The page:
Trump’s Trade Gimmickry
The imbalances and inequities generated by the global economy cannot be tackled by protecting a few politically well-connected industries, using manifestly ridiculous national security considerations as an excuse. Such protectionism is a gimmick, not a serious agenda for trade reform.
CAMBRIDGE – US President Donald Trump’s bark on trade policy has so far been far worse than his bite. But this may be changing. In January, he raised tariffs on imported washing machines and solar cells. Now, he has ordered steep tariffs on imported steel and aluminum (25% and 10%, respectively), basing the move on a rarely used national-security exception to World Trade Organization rules.
Many commentators have overreacted to the possibility of tariffs, predicting a “trade war” and worse. One expert called the steel and aluminum tariffs the most significant trade restrictions since 1971, when President Richard M. Nixon imposed a 10% import surcharge in response to the US trade deficit, and predicted that, “It will have huge consequences for the global trading order.” The Wall Street Journal wrote that Trump’s tariffs were the “biggest policy blunder of his Presidency” – a remarkable claim in light of the administration’s missteps over Russia, the FBI, North Korea, immigration, taxation, white nationalism, and much else.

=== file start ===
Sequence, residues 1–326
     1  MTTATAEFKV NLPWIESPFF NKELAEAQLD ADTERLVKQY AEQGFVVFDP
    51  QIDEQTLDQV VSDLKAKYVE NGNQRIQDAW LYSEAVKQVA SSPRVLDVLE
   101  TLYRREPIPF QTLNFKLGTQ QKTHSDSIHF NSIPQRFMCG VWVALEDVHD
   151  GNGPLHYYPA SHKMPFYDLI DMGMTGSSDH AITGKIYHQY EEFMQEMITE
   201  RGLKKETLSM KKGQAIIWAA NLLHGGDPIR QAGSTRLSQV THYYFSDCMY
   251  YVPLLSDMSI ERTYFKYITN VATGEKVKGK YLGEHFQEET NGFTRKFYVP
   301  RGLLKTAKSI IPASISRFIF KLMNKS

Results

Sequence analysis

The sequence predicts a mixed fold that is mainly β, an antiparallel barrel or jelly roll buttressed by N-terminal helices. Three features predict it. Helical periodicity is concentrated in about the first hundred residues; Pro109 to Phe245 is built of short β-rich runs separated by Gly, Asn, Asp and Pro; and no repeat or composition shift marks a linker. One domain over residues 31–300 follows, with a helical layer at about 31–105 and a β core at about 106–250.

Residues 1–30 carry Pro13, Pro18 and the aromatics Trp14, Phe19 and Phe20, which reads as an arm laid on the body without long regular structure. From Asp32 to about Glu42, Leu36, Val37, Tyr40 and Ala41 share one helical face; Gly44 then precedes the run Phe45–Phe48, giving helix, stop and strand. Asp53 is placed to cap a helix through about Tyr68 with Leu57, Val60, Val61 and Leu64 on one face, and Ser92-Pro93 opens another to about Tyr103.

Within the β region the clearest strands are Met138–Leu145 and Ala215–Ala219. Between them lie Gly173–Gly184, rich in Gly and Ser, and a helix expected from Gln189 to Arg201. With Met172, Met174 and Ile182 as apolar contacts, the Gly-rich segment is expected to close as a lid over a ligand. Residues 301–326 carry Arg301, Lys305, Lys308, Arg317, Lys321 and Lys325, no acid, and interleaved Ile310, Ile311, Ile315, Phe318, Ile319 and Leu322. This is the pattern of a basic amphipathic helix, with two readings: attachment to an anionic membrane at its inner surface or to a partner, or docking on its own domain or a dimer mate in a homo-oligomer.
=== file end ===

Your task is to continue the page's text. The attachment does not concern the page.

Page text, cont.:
The reality is that Trump’s trade measures to date amount to small potatoes. In particular, they pale in comparison to the scale and scope of the protectionist policies of President Ronald Reagan’s administration in the 1980s. Reagan raised tariffs and tightened restrictions on a wide range of industries, including textiles, automobiles, motorcycles, steel, lumber, sugar, and electronics. He famously pressured Japan to accept “voluntary” restraints on car exports. He imposed 100% tariffs on selected Japanese electronics products when Japan allegedly failed to keep exported microchip prices high.
We hope you're enjoying Project Syndicate.
To continue reading, subscribe now.
Get unlimited access to PS premium content, including in-depth commentaries, book reviews, exclusive interviews, On Point, the Big Picture, the PS Archive, and our annual year-ahead magazine.
Already have an account or want to create one to read two commentaries for free? Log in